A look at these titles also indicates that they have published quite a few picture books about animals, so I would guess that stories about animals ARE something that they would consider to be on their list.
written by Aleesah Darlison, illustrated by Sandra Temple, published by Wombat Books, 2010
This 508 word picture book, aimed at the 5-7 age group, is about a young echidna called Pipp, who waits impatiently for his spines to grow.
The story is told from the third person point of view. Pipp is the last puggle (baby echidna) in the bush to get his spines. He seeks advice from his animal friends and tries everything they suggest without success. He is still waiting at the end of the tale, but discovers that there is one wonderful advantage to not yet having his spines.
The story is set out on 14 double page spreads with lovely colour pencil illustrations. Repetition and alliteration are used to emphasize Pipp’s perseverance in seeking a solution and final acceptance that sometimes all you can do is be patient and wait.
One source of story inspiration for me is taking a road trip.
There is something rhythmical and soothing in watching the scenery slide past from the passenger window. I find myself lulled into a sense of warm well-being, that calms and empties my mind. It prepares a blank canvas for imagination and creativity to crackle alight.
Sunlight and shadows on mountains, hilltops and trees help create characters and ideas. During a recent trip to Brisbane early in the morning, shadows playing on a mountain between Gympie and the Sunshine Coast looked just like the face of an ogre. My imagination ran wild as I thought about the possibilities of an ogre trapped in a mountain. How did he get there?
Dark red dirt, scrubby shrubs and tangled trees lining the road in harsh, hot sunshine create lonely backdrops in which to imagine lost animals searching for their way back home. Try the roads around Broken Hill. There are plenty of landscapes like these to choose from.
For late afternoon sunlight sparkling on the ocean – try any coast road on the eastern half of Australia. For lush, cool, dark green quietness, try the tropical rainforests in far north Queensland.
Anyone for a road trip?
Fearless with Dad
written by Cori Brooke, illustrated by Giuseppe Poli, published by New Frontier, 2015
This 125 word picture book, aimed at the 3-5 age group, is about a boy who feels brave enough to try anything and everything because of his Dad. The story is set out on 10 double page spreads and 1 single page.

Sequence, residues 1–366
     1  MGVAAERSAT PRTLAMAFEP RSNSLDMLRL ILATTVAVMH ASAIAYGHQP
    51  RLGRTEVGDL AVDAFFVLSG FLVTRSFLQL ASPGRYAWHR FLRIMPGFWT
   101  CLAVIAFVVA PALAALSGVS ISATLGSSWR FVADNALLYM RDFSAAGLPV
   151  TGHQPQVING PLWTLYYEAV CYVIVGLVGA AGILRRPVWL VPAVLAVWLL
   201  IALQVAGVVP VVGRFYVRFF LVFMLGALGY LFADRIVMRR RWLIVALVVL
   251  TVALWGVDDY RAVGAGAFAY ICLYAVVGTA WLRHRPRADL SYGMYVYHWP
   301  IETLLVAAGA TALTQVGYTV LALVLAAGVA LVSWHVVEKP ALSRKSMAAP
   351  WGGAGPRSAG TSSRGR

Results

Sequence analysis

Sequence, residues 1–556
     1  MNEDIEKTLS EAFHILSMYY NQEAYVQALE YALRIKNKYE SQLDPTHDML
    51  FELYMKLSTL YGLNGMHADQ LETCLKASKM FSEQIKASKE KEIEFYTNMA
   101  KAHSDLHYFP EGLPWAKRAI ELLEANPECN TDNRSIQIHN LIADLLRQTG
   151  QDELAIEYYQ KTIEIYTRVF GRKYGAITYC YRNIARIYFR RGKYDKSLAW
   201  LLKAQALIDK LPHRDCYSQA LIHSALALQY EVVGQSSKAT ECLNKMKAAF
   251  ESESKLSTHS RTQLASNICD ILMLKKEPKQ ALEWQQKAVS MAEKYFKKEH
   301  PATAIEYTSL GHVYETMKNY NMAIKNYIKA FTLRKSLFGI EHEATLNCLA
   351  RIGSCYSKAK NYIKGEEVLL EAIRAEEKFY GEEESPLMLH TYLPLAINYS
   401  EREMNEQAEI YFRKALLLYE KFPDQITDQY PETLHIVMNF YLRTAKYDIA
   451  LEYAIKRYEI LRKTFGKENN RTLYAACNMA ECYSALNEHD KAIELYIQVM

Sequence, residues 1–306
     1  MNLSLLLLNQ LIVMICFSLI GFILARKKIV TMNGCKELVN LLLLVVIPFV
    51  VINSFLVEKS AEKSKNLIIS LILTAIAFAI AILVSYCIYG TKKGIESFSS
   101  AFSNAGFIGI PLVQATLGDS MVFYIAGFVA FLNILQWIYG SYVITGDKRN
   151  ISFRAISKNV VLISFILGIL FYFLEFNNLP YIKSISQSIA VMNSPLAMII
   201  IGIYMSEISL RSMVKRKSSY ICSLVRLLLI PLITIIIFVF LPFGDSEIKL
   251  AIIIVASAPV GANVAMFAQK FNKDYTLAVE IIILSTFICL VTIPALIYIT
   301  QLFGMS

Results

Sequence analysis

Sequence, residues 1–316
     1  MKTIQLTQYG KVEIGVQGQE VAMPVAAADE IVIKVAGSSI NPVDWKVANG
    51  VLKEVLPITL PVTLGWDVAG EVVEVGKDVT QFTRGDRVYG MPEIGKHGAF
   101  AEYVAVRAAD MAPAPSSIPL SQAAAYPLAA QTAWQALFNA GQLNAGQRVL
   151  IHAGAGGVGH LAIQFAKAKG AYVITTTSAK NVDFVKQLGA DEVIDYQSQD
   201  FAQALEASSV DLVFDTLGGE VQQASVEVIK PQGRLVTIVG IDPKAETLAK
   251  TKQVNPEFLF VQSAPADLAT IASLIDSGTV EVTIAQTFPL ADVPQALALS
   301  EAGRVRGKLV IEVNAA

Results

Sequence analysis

It is told from the first person point of view, by the boy who remains unnamed throughout the book.
The story emphasizes the importance of fathers and sons spending time together, enjoying fun times and sharing sad times. It demonstrates positive relationships between fathers and sons, and the feelings of safety and security that families can offer.
Inspiration for writing can be found in many places, and one of those is from attending a writers’ group. Here in Hervey Bay, we have a group that formed a little over a year ago. Meeting every fourth Saturday of the month at our local Mary Ryan’s bookshop, the group has grown from three regular attendees to seven or eight. This morning we had our largest group of eleven people who write or illustrate for children. We are a mix of trade publication aspirees and self published authors.
The group provides a social opportunity for locals to meet, share experiences and information, and encourage and motivate each other in a positive and supportive environment. Everyone has a different path to follow to publication, and we continue to learn from each other every month.
Today we were fortunate to meet a recent retiree to the Bay who worked in the publishing industry as a sales rep. It was fascinating to learn a little of what goes on behind the scenes. Two members of the group shared some of the tidbits they learned at the CYA conference held in Brisbane on 1 July. People jotted notes in notebooks or tapped details into phones. Names and phone numbers were exchanged.
I came away motivated to keep sending out manuscripts after another rejection letter arrived during the past week. Back to the drawing board!